5 lessons we’ve learned developing our own software product

There are lessons that we’ve learned in this process. Some are connected to the tech world, but others are mainly about the entrepreneurial world and creating a startup. Let’s explore each of them.

1. It helped us be more empathetic with customers

Developing our own product while we were building Eagerworks helped us be in our clients’ shoes and better understand what they’re going through when they’re starting to create their startups. This boosted our interest in supporting entrepreneurs and enhancing the tech collaborative environment. 

2. It helped us better understand how the sales process works and how it should be

This experience helped us strengthen our focus from the early stages. It taught us how to deal with unexpected issues, like users not wanting to use mailing. At that point, we created a marketing strategy that offered users a free trial so they proved that our product was worth the change.

3. It helped us train our pitching capabilities

Wolfy was our very first try to raise capital. We acknowledged the differences between raising private funding and public capital, how to make a pitch that makes investors choose you, and learned what’s important to focus on. Now every single piece of knowledge that we have embraced is being communicated to other entrepreneurs and startups as a way to help them take our experience to create their own. 

4. It helped us decide which direction to choose when the results were not as expected

Startups must handle uncertainty as they develop innovative solutions. In that path, testing and being able to pivot is critical. Wolfy taught us how hard it is to define a new direction when the results aren’t meeting the business expectations and which aspects to consider. It is crucial to understand the root of the problem and determine which area of the startup to tackle first: development, sales, marketing, etc.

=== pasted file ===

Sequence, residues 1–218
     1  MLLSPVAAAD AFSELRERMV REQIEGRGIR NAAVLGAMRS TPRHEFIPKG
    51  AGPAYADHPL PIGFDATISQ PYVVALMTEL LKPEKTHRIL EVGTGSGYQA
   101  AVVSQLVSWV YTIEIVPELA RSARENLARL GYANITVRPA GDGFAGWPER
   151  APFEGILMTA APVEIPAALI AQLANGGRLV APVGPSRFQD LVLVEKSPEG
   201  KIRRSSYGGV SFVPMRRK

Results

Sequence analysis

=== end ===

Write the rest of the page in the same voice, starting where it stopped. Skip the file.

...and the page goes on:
5. It helped us understand how to measure a business's success

With Wolfy, we understood how important it is to define the key objectives and metrics to measure them in order to monitor the evolution of a startup. It also helped us understand that sometimes, startups don’t have the necessary data, and they have to trust their intuition to make some decisions. 


Devs and entrepreneurs, together as one team

When starting a new project, we’ll go beyond a software solution: we’ll help project owners make accurate technical decisions and guide their products in the right direction. We work on each startup as if they were our own, sharing our know-how and expertise in every stage of the project. 

Our team members will always embrace the full vision of the project. We believe there’s nothing like seeing entrepreneurs looking to make a significant change in the world, and we are eager to make our contribution. If you’re one of those, check out what we do at Eagerworks.

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Juan Pablo Balarini
January 30, 2023